Seafood is what he's known for, but Abesan was just as proud to share photos of his trio of shih tzus when I inquired. They were so adorable, we almost asked for a photo to share. But we digress. As the dining room begins to fill, we go over our remaining questions below.
Read our first part with Abesan over here.
Then wrap up the interview below . . . .
Tell us about your time working at the Japanese Consulate.
It was tough getting used to the new environment, especially the cold weather in Alaska. The position was relatively straightforward, dealing with large parties of international dignitaries and VIPs. It was during this time that I first met my wife [Editor's Note: She was a restaurant waitress. They would drink at the bar after work.]
Last song playing on your radio:
My Way by Frank Sinatra.
Hardest lesson you've learned:
How to properly manage your staff. There is a fine line between running an efficient and profitable business while maintaining respect and loyalty amongst your employees.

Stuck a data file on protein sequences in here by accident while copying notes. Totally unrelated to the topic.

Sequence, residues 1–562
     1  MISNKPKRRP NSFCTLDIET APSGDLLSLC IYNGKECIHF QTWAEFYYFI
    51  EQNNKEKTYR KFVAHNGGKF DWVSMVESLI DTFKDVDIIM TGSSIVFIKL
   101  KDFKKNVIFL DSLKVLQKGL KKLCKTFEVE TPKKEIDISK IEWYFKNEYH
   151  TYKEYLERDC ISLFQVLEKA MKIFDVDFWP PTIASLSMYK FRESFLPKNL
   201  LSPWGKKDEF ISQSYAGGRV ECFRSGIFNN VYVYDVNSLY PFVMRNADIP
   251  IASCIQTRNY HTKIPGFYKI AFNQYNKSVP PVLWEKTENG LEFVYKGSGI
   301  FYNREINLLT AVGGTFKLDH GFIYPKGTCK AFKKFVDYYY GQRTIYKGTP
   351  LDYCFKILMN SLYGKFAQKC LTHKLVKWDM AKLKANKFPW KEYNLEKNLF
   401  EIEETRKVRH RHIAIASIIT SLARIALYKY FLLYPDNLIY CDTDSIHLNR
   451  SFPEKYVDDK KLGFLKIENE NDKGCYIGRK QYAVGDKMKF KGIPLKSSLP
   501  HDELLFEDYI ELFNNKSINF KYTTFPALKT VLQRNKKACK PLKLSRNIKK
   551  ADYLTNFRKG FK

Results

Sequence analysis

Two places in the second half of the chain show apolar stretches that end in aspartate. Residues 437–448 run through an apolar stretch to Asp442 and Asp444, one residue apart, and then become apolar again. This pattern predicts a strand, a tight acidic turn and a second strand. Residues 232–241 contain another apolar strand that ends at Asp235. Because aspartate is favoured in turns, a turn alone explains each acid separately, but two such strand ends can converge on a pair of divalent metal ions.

Where did you grow up? What brought you to Orange County?
I grew up in Yamagata, Japan. I came to the US to further my culinary ambitions, and of course, for beautiful weather and surroundings.
Favorite childhood memory:
To pick on the food my mother was cooking without her noticing.
When you're not at the restaurant, what are you doing in your free time?
I enjoy playing golf and spending time with my wife and dogs.
Last thing you looked up online:
I'm constantly searching new and interesting recipes.
Last book read; how was it?
The book about Jiro, a very famous, Michelin 3-star chef who dedicated his life to the art of making sushi. It was very interesting and insightful.
Do you have any skills that are not food-related?
I'm a very good handyman. I can fix most household problems. In the restaurant, I've fixed chair seats, restroom fans and the vacuum cleaner.
What would you be doing if you weren't in this business?
I always had an interest in farming.